A closer look at Traminette

May 12, 2022

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In 1965, Herb C. Barrett crossed the Gewürztraminer grape with the French-American cultivar known as Joannes Seyve 23.416 at the University of Illinois in Champaign-Urbana. The resulting grape was named Traminette, a well-known and celebrated varietal, especially in the Midwest. This final progeny produced large, moderately loose clustered grapes, similar to its famous parent, while bringing the cold hardiness and disease resistance of the lesser-known wine grape.

Albert Seibel Credit Wikipedia

Johannes Seyve was a French biochemist that often utilized Seibel wine grape hybrids in his breeding program. Seibel hybrids were created from native American grape varietals, known as vitis labrusca, in the 1860s by Albert Seibel. Seyve is also credited for creating the French-American cultivar Chambourcin. His brother and father bred grapes as well, and are credited for hybrids including Seyval Blanc, which is also grown in Missouri.

It was initially bred as a table grape, but after finding stronger wine grape qualities suited to several inland states and their continental climates, vines were planted in Virginia, New York and Indiana to produce wine. It proved to be a high producing varietal with good yield and disease resistance. Traminette is grown across the state of Missouri, and is seen as an important varietal to grape producers who face similar climate challenges.

Traminette is very similar to its well-known perfumed parent in terms of flavor and aroma, yet less intense as Gewürztraminer. This floral forward white grape can have notes of apricot and peach, honey, rose, lychee, apple, passion fruit, pear and citrus. It is a versatile varietal and can be made into dry to off-dry, sweet and sparkling style wines, and even into ice wines. Its distinctive aroma can feature spicy notes as well.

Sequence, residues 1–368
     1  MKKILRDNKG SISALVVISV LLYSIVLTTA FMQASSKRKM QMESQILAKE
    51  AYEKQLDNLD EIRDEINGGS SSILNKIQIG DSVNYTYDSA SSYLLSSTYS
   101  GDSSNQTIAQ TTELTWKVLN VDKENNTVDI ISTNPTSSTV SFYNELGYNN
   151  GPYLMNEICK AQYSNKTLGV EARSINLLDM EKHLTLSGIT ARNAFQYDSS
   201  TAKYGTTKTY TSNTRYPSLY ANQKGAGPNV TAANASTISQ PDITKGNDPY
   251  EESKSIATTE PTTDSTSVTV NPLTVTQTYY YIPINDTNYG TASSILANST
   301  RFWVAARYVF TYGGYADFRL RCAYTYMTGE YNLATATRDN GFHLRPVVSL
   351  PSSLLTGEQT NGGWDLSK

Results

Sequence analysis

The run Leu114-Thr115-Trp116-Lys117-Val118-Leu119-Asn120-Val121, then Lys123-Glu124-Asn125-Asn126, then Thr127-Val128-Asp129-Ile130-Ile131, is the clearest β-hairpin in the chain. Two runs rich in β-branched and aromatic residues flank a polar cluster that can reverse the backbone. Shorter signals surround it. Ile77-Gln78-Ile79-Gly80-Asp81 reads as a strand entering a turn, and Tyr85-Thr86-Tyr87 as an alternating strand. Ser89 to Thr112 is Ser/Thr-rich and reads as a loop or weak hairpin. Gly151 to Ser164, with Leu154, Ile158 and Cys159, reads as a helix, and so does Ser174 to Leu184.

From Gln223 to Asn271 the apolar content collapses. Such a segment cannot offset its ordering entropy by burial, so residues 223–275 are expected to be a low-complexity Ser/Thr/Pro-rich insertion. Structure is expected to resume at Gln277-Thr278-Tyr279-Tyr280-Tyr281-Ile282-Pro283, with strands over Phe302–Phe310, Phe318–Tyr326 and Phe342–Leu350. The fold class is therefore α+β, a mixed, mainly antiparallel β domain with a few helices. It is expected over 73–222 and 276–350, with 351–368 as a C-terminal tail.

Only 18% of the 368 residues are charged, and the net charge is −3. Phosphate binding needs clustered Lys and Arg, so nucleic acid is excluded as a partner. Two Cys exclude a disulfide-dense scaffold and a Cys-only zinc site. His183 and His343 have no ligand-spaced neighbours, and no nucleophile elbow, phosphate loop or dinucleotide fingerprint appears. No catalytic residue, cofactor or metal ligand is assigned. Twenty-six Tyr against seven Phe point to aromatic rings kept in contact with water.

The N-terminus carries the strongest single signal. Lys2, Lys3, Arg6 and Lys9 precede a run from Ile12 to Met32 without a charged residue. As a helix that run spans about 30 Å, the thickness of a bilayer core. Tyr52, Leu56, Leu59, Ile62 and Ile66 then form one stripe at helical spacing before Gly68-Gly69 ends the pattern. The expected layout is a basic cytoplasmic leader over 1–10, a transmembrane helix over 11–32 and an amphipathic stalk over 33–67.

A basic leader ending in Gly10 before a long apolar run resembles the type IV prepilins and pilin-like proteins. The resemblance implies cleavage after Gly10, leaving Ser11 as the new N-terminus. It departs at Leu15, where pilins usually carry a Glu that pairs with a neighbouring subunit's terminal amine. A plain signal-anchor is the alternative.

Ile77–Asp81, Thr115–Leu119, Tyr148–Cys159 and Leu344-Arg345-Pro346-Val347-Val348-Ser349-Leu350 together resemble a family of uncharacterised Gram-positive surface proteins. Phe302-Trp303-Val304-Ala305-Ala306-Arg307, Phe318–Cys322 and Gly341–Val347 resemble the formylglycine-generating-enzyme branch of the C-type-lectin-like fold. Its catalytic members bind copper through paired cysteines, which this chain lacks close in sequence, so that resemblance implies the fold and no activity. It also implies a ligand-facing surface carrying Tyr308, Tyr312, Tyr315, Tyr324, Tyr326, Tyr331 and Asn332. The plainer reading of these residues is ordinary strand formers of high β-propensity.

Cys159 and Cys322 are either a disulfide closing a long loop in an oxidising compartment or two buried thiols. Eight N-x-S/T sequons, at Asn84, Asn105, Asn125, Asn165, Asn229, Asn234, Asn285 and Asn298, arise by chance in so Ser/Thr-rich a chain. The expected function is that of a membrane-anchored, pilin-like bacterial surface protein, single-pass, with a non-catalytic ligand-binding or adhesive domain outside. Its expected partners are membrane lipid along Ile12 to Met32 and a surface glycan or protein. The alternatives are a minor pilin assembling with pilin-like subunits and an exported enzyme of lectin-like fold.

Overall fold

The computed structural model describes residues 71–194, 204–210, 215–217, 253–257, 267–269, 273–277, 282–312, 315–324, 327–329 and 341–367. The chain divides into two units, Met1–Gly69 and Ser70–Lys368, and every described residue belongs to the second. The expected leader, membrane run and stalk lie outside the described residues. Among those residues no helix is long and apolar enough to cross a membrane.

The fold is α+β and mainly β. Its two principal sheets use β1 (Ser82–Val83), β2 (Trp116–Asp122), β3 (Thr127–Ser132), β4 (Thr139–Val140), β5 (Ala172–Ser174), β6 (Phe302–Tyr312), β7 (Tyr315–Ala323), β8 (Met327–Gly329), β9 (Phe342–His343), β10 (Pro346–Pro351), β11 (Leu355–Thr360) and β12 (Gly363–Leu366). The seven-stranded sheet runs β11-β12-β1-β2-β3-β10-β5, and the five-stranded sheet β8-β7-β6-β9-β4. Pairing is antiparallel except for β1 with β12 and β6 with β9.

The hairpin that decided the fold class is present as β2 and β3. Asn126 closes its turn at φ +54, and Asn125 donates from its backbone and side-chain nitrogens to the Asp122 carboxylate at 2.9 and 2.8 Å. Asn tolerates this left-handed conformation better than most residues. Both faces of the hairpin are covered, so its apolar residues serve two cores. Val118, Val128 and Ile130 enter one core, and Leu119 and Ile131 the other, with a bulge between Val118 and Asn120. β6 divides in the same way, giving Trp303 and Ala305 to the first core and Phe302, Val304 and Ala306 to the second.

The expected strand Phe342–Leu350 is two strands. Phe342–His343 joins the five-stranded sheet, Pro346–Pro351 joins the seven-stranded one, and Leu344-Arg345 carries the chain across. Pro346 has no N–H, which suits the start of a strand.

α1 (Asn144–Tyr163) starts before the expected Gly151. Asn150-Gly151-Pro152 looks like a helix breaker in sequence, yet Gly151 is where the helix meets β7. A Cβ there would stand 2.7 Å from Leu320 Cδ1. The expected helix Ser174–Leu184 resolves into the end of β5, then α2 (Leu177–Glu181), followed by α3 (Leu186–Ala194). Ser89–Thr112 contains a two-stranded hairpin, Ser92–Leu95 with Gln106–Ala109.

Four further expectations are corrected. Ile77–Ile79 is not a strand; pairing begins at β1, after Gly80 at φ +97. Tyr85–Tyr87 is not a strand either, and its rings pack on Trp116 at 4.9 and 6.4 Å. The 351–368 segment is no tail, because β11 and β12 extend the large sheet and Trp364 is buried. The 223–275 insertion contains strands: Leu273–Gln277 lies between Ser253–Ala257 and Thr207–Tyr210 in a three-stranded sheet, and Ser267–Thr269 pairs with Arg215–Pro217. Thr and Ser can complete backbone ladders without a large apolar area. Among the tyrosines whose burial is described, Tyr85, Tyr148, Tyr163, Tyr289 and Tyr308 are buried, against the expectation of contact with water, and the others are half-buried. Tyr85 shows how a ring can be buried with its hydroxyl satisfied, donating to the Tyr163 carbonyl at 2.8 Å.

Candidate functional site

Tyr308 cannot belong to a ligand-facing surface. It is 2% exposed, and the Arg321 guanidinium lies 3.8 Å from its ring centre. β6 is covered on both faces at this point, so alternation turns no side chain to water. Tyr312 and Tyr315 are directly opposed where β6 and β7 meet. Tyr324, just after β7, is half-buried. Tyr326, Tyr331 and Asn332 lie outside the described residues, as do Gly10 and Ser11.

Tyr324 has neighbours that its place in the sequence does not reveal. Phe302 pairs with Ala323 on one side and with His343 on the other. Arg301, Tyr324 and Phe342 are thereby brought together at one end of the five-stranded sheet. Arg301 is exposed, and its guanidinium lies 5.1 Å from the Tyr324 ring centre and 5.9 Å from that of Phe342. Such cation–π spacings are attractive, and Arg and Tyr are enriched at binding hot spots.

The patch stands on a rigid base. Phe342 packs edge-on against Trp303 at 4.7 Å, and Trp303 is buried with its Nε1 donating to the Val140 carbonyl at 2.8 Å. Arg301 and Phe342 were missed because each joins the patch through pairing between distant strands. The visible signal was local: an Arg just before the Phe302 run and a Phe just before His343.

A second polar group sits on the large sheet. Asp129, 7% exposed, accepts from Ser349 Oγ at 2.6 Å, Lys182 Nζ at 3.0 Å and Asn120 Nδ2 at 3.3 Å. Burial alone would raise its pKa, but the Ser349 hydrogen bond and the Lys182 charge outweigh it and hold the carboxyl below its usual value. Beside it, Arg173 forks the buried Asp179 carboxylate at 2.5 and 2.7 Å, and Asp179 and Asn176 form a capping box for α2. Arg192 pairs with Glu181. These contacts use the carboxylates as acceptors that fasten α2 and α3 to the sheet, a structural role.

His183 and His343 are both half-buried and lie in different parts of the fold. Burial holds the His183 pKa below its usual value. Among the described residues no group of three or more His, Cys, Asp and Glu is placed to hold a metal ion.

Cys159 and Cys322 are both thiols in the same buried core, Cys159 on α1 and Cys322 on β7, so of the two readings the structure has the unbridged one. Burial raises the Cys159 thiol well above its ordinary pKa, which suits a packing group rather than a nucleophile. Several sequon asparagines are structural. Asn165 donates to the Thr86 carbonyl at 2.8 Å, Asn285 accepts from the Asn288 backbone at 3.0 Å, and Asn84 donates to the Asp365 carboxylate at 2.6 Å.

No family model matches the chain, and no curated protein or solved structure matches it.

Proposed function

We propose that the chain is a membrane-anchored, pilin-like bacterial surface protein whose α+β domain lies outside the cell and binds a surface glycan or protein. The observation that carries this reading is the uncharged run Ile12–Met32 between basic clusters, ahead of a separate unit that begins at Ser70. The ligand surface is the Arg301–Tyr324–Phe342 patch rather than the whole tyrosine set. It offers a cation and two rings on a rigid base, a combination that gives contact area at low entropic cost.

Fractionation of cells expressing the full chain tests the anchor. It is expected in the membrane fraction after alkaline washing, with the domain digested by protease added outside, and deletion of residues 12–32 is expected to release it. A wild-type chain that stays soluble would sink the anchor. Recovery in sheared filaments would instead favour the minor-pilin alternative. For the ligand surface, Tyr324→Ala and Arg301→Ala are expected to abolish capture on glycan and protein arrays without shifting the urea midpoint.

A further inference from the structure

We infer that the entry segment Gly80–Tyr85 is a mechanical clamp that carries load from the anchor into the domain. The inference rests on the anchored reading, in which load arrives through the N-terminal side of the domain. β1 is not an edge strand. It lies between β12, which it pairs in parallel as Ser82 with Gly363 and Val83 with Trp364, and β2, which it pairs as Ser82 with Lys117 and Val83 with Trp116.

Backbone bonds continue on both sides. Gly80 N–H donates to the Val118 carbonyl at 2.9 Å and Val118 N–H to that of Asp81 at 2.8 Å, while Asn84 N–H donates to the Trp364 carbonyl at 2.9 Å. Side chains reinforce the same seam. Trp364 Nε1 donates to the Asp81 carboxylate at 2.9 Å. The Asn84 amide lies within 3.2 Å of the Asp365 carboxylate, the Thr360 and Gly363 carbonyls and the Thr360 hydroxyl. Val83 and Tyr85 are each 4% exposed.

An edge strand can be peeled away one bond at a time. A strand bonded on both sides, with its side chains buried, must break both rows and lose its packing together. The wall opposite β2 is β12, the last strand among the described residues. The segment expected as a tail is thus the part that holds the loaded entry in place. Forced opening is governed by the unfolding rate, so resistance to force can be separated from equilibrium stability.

In the vineyard, it is mostly low maintenance. There is little cluster thinning to be done to berries, and due to this, it is easier to maintain vine balance throughout the growing season. However, it is important to manage leaf canopies to guarantee the grapes get enough sunlight. Berry exposure ensures the formation of monoterpenes, the main contributors to the floral aroma. Traminette’s root system thrives in a variety of soil types and has a high disease tolerance. When the grapes turn a light gold or yellow, it is time to harvest the mature fruit from the vines. In the off season, Traminette can survive the cold and its hardy nature protects it from winter damage.

Did you learn something new about Traminette? Tag us on social with your favorite Missouri Traminette wine. If you haven’t had the chance to try this fabulous floral varietal, pursue it next time during your travels in Missouri wine country.